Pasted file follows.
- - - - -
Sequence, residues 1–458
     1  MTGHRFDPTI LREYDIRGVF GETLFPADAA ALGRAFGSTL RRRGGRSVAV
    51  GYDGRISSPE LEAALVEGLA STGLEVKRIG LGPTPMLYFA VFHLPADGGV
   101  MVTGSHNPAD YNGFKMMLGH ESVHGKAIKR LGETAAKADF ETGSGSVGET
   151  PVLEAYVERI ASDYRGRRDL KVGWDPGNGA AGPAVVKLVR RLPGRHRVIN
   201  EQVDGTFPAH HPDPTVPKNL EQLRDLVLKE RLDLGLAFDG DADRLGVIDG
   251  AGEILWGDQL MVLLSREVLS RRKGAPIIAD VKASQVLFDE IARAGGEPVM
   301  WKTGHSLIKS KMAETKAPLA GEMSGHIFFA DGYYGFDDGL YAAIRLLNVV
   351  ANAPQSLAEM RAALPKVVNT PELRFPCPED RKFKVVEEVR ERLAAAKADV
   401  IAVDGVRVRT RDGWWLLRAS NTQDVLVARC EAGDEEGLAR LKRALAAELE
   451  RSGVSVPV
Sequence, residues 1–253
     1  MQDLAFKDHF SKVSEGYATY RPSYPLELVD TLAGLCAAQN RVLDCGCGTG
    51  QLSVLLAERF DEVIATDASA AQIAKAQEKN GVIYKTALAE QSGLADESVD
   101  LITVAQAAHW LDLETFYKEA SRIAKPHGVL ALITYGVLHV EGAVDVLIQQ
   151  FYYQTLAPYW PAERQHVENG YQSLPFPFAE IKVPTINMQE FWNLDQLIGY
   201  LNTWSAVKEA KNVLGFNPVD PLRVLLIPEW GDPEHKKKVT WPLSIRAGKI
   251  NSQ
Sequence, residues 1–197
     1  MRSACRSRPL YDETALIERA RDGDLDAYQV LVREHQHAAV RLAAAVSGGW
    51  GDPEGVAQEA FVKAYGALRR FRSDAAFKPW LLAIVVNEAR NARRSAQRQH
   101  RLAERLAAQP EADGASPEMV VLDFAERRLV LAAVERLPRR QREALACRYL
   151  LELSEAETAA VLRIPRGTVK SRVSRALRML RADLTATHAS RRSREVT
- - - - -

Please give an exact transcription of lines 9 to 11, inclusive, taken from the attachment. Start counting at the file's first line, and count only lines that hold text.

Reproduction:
   351  ANAPQSLAEM RAALPKVVNT PELRFPCPED RKFKVVEEVR ERLAAAKADV
   401  IAVDGVRVRT RDGWWLLRAS NTQDVLVARC EAGDEEGLAR LKRALAAELE
   451  RSGVSVPV